“Up until 11th grade, I was the only brown girl in my school. Not “only Indian girl,” but legitimately the only brown girl. And because of that, the only woman I saw embracing my culture was my mom. And yes, like go mom, moms are amazing, always the unsung hero. But, as a teenager, obviously whatever my mom said was cool was perceived as completely not cool. So, instead, I just mimicked what all my white friends did, since that’s what I believed was cool, or beautiful, or bold, or whatever other positive adjectives 14 year-olds want to be associated with. My Indian and American friends were kept in separate worlds, Indian food was eaten only at home, and Indian clothes were reserved solely for Indian occasions.
Then, in 11th grade, a new student from Maharashtra moved to our school. Now, I’m from a very small, very closed-minded town. This girl had everything going for her to be labeled as a “fob.” She had a thick accent, she wore a kurta and chudidhar to school, did all these things I always thought was a big no no. But, instead of receiving adverse reactions, this girl was adored. She looked amazing, she was brilliant, and so incredibly down to earth.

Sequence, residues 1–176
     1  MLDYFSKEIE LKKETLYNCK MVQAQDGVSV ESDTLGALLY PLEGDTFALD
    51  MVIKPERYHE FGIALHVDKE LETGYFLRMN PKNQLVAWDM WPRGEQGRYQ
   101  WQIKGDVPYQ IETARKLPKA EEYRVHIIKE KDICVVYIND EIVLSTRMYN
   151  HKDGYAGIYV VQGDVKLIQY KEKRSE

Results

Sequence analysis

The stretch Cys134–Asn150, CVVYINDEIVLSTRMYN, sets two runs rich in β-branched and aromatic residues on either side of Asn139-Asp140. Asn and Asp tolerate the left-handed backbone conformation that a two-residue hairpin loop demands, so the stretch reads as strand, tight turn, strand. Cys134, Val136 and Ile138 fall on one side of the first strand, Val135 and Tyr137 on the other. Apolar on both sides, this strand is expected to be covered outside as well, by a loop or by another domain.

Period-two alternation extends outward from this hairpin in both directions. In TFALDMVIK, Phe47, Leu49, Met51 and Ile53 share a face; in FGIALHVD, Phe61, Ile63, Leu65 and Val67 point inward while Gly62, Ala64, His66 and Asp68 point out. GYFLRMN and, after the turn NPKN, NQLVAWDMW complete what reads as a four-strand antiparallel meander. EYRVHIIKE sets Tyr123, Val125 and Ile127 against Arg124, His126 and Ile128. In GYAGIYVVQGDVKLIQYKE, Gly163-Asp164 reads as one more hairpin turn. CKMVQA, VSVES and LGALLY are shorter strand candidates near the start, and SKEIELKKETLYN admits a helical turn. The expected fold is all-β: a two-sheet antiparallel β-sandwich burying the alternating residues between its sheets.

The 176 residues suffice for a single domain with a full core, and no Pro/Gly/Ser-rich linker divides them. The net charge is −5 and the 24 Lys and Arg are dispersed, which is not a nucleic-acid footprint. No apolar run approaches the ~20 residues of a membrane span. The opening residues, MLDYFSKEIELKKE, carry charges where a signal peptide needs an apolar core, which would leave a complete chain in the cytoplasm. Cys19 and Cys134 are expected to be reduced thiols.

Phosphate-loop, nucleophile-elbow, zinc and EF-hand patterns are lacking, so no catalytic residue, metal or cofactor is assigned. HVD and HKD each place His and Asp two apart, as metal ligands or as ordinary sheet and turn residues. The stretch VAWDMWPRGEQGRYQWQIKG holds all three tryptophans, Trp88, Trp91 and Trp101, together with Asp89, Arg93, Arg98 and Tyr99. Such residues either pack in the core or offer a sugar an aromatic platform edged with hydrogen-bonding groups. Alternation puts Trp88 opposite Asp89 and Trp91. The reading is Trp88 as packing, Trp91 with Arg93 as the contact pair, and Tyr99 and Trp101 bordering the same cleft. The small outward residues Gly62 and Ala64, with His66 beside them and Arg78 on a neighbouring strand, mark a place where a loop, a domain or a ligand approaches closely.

At this same time, two-piece prom dresses (read as “westernized lehengas”) were becoming a big hit. Between the empowerment from this new girl, as well as this idea that my culture was finally beautiful because non-brown people approved of it, I basically did a 180. By December of my junior year, I was wearing kurtas and jeans to school, and taking roti sabji for lunch. I not only embraced my culture, but I felt very proud and comfortable with it.
In college, I have found people that have allowed me to further embrace my culture, as well as appreciate it themselves. That said, I do still struggle to engage with my culture in a way that I believe is meaningful. Although it’s fun to pregame to Bollywood music and hit the Madras lunch buffet, being Indian-American is this experience that has no concrete definition, and because of that, has so much potential. I am so excited to have taken part in the Daughters of Color project, and I can’t wait to see what other experiences await.”